Gaelic disco king serves up retrospective collection of his finest floorfillers
Marc Cerrone is a French disco producer.The French disco producer if we’re being picky. With a career spanning five decades and clocking up sales in the high tens of millions, he began life as a drummer in a band called Kongas, before ditching the sticks to strike out under his own name in 1976.
Nigh on 30 albums down the line, we get this double CD catch-up that brings together 36 Cerrone productions dating back to his Kongas days. Curiously, the cover features a young lady who is clearly trying to tie her shoe laces without bending her legs. Tricky business. Different times and all that, but Cerrone seems intent on reaffirming his rep for erring on the side of softcore. One of his biggest hits, 1979’s ‘Love In C Minor’, makes ‘Je T’Aime’ sound like a CBeebies theme tune, while pretty much all of his 70s album sleeves have to be seen to be believed (try ‘Cerrone’s Paradise’ for starters).
Get past the sorry-ass sexist shite and much of ‘The Best Of Cerrone Productions’ is well worth a listen – as a whole raft of French dance music artists will attest. Ask Daft Punk or Bob Sinclar and neither will be slow to name Cerrone as a major influence (Sinclar worked directly with him in 2001), while the likes of Run DMC, LL Cool J, the Beastie Boys, BDP and Mark Morrison have all used samples of his work over the years.
As such, there’s many a moment that seems pretty familiar on this collection of predominantly string-soaked disco rompers. When the opening track, 1978’s ‘Got To Have Lovin’’ (a Cerrone co-write with fellow disco don, erm, Don Ray) reaches the obligatory breakdown and a repetitive rising keyboard lick kicks in before a smooth funk bass joins the party, it is really not far away from Daft Punk’s ‘Aerodynamic’. Daft Punk, incidentally, straight sampled Cerrone’s 1976 magnum opus ‘Supernature’, slowing down the synth melody for ‘Veridis Quo’.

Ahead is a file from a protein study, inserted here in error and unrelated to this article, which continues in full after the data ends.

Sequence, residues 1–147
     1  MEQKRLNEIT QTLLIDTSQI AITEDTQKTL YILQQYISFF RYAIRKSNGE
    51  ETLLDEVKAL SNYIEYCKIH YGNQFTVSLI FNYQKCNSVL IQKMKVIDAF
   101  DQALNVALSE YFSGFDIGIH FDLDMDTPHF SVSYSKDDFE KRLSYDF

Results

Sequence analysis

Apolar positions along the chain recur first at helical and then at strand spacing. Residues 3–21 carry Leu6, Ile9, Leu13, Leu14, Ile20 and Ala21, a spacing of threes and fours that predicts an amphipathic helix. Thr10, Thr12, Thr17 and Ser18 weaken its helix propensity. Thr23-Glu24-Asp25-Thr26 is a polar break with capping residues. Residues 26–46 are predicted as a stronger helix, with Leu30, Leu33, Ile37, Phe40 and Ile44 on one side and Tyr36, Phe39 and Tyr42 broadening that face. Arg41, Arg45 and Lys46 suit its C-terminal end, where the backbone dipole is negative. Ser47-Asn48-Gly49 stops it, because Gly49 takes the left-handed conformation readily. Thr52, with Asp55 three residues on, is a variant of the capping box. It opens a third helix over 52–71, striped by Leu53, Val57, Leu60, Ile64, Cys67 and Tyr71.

For the most part, Cerrone deals in enjoyable by-numbers disco, the exception being ‘Supernature’. It sticks out like a sore thumb here. That he made a record this forward-looking in the mid-70s is impressive. His label at the time, Altlantic, weren’t much keen on the track, but were proved very wrong indeed, as it was a monster hit. Had Cerrone continued down that route, who knows what we’d have been looking at today.
While this is clearly an album aimed squarely at Cerrone newbies – and it will no doubt prove a voyage of discovery for hip hop/baguette beat fans – the shame is that pretty much everything here is an edit. The original of the previously mentioned Don Ray track clocks in at an almighty eight minutes, with a break stretching over more than two minutes. This version is a mere four-minute edit.
To hear this material as the disco god intended would have been a treat indeed. Here’s hoping someone plans to release a compilation of the full versions in the near future.